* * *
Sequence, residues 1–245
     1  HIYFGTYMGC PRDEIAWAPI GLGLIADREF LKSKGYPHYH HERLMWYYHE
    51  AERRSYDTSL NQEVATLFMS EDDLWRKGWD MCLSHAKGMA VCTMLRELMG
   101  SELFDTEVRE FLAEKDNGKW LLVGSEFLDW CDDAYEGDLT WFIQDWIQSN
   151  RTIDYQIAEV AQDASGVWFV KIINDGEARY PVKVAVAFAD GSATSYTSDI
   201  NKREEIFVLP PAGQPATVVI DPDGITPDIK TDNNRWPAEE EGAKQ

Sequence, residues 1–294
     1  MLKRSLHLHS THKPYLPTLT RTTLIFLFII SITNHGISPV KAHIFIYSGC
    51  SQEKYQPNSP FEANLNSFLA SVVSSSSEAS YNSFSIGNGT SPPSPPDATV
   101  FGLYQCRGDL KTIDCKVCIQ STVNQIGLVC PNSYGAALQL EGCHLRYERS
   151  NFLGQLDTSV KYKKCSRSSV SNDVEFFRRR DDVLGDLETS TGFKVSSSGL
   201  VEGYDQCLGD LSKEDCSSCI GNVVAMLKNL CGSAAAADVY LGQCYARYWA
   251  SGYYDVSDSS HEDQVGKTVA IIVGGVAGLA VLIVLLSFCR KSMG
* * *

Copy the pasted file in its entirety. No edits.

Sequence, residues 1–245
     1  HIYFGTYMGC PRDEIAWAPI GLGLIADREF LKSKGYPHYH HERLMWYYHE
    51  AERRSYDTSL NQEVATLFMS EDDLWRKGWD MCLSHAKGMA VCTMLRELMG
   101  SELFDTEVRE FLAEKDNGKW LLVGSEFLDW CDDAYEGDLT WFIQDWIQSN
   151  RTIDYQIAEV AQDASGVWFV KIINDGEARY PVKVAVAFAD GSATSYTSDI
   201  NKREEIFVLP PAGQPATVVI DPDGITPDIK TDNNRWPAEE EGAKQ

Sequence, residues 1–294
     1  MLKRSLHLHS THKPYLPTLT RTTLIFLFII SITNHGISPV KAHIFIYSGC
    51  SQEKYQPNSP FEANLNSFLA SVVSSSSEAS YNSFSIGNGT SPPSPPDATV
   101  FGLYQCRGDL KTIDCKVCIQ STVNQIGLVC PNSYGAALQL EGCHLRYERS
   151  NFLGQLDTSV KYKKCSRSSV SNDVEFFRRR DDVLGDLETS TGFKVSSSGL
   201  VEGYDQCLGD LSKEDCSSCI GNVVAMLKNL CGSAAAADVY LGQCYARYWA
   251  SGYYDVSDSS HEDQVGKTVA IIVGGVAGLA VLIVLLSFCR KSMG